Left Cultures issue one introduces a rich tapestry of personal stories and creativity
Left Cultures magazine holds the political left within a ‘lexicon of stories past and present.’ These stories are both personal, effecting and are upheld by a strong, positive use of illustrations throughout. Its opening note states its mission and view of the current media climate, as well as highlighting socio-political issues. There is an overarching passion for change to happen but Left Cultures also brings these issues to the forefront of its message. The individuality of the stories held inside the red covers of Left Culture speaks to the past through the author’s personal experiences. The opening note reads – “how culture from the past has influenced and inspired them,” therefore shaping the person they have become in some way, shape or form. This has created a diverse, eclectic set of articles that provide insight into a life, offer opinions on the current state of affairs, highlight song lyrics that resonated with the listener, or find itself craving change. Reading the magazine can feel like walking down a street with an ear to the ground, or reaching behind the curtains of everyday life and extracting its overwhelming realities and its even darker past.
An early correlation in the magazine is watching the show Top of the Pops, a British chart music show where artists would perform their latest music. First airing in 1964, its weekly run ended in 2006, but with continued Christmas airings since the beginning. The article ‘Tony Benn’ by Matthew Brown discusses an evening whereby he chose to not watch the show, but to discover Tony Benn via watching Question Time, a politics show on television. This decision is an ironic contrast to that of ‘The Message’, a piece that pays homage to the artist Grandmaster Flash. Written by Professor Shawn Sobers, he discusses the memory of watching the act on Top of the Pops when he was 10 years old. He wrote, “this song opened my young eyes and ears to many things, most notably – conscious (socially aware) hip hop, and the articulation of poverty and social inequality.”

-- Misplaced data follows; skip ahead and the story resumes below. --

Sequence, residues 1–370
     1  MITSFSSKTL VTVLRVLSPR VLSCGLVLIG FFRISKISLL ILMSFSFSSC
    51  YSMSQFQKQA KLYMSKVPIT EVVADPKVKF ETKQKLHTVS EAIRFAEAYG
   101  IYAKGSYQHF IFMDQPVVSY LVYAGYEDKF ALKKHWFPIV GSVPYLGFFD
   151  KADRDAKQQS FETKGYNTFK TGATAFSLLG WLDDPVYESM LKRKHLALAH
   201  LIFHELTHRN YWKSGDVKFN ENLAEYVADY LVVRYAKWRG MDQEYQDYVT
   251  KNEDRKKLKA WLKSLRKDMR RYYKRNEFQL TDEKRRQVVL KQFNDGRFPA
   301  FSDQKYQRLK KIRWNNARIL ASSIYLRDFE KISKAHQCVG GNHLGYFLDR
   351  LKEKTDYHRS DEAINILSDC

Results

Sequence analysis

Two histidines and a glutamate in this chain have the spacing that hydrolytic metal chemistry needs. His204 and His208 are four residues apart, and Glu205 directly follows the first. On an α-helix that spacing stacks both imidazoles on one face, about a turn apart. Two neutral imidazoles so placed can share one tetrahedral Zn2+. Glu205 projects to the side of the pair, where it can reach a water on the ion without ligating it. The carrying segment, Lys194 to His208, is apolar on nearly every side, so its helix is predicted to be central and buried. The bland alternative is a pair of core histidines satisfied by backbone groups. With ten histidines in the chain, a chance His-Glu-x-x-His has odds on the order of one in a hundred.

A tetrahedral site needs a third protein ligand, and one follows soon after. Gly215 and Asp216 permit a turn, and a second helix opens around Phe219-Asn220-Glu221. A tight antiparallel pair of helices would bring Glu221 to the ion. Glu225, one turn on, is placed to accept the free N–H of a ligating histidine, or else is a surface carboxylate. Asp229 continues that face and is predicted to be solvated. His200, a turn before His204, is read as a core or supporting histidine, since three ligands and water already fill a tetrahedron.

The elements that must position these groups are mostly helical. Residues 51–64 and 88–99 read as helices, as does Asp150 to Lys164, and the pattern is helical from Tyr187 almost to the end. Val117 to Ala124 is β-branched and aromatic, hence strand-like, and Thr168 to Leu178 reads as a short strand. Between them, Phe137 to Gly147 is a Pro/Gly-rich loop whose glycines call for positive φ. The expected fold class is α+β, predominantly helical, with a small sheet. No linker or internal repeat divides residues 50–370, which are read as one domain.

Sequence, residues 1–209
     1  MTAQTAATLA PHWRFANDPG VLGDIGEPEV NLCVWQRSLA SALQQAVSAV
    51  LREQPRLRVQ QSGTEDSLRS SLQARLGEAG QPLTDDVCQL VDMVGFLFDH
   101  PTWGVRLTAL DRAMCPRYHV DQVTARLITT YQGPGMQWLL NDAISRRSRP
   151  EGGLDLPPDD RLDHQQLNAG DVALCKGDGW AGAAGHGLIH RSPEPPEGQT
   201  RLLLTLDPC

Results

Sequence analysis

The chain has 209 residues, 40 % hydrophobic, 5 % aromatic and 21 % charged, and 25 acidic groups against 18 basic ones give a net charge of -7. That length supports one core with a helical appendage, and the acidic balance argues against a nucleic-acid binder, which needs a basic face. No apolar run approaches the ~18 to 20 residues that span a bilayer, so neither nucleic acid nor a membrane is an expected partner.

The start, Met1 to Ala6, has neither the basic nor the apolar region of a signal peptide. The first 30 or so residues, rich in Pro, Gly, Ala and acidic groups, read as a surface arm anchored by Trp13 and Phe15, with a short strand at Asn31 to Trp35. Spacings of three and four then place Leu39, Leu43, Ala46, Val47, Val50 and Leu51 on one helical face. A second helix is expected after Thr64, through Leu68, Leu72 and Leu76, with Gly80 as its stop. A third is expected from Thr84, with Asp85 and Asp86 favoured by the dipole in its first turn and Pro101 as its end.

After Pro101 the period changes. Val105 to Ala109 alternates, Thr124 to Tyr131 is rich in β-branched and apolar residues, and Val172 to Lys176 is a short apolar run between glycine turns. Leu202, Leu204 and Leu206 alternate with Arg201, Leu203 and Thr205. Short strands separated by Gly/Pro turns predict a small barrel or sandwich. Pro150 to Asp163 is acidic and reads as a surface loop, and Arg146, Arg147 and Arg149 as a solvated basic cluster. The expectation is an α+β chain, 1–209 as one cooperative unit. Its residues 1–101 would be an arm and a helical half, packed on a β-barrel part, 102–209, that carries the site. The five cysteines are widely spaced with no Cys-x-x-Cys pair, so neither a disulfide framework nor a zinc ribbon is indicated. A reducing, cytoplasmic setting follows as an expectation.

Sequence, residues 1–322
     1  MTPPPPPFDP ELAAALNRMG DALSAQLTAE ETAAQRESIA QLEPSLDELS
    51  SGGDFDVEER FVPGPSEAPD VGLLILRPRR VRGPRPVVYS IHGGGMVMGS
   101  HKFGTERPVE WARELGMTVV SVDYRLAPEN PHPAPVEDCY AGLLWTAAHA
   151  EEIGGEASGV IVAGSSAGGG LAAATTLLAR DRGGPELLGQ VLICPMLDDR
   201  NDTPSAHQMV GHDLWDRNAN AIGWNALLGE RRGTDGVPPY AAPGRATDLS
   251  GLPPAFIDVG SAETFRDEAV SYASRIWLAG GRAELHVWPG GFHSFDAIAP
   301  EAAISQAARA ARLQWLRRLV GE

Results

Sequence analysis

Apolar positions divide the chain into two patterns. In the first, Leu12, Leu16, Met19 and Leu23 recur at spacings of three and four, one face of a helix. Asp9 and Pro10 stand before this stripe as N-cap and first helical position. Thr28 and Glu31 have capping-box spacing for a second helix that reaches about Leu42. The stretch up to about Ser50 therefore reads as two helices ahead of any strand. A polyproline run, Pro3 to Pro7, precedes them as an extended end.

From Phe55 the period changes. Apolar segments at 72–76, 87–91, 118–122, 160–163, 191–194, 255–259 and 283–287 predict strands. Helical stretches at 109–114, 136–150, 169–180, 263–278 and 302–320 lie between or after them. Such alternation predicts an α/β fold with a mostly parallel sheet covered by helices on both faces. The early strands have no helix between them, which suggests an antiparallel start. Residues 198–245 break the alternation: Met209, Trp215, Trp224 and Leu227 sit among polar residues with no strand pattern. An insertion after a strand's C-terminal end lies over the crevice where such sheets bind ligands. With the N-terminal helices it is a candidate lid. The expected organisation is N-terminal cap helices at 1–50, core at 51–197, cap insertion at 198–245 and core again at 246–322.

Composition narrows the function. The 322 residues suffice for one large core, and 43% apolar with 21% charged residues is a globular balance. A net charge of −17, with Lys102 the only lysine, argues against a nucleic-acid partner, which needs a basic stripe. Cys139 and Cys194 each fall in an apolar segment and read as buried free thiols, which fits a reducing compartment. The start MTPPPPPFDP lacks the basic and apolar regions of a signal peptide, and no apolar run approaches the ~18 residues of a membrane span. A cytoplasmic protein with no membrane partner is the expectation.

There is a conscious theme of romanticism evident through the pieces around the idea of a hero, or someone that is admired by said person. This may be the likes of Emory Douglas on page 17 – a pivotal graphic designer in the civil rights movement of the 60s and beyond. Or it could be public-facing political figures whose ideals match with your vision of the past, present and future. Even past footballers such as Volker Ippig (page 42) who stood out from the crowd with their alternative look and radical views. There is also the idea of revolution and where its roots may lie. Carollina Bandinelli’s piece ‘Revolution: A Story of Love’ reminisces on a childhood rooted in ‘leftist’ fairy tales which left an indelible mark on them. The idea of transforming reality is stated in the piece, which looks at revolution’s relationship with love and idealism. She notes, ‘if reality is disappointing, both art and revolution are daringly absurd attempts to transform it.’ She adds, ‘[The] revolution, just like love, can unfold only from the implicit assumption that there is a future to create and live through.’ This air of finality in the piece is underpinned by an acute awareness of the current pressures of life.
"Left Cultures doesn’t avidly aim to sway, or persuade - its bones lie in the enlightenment it can provide through creativity."
Stuart Williams, Owner of Overleaf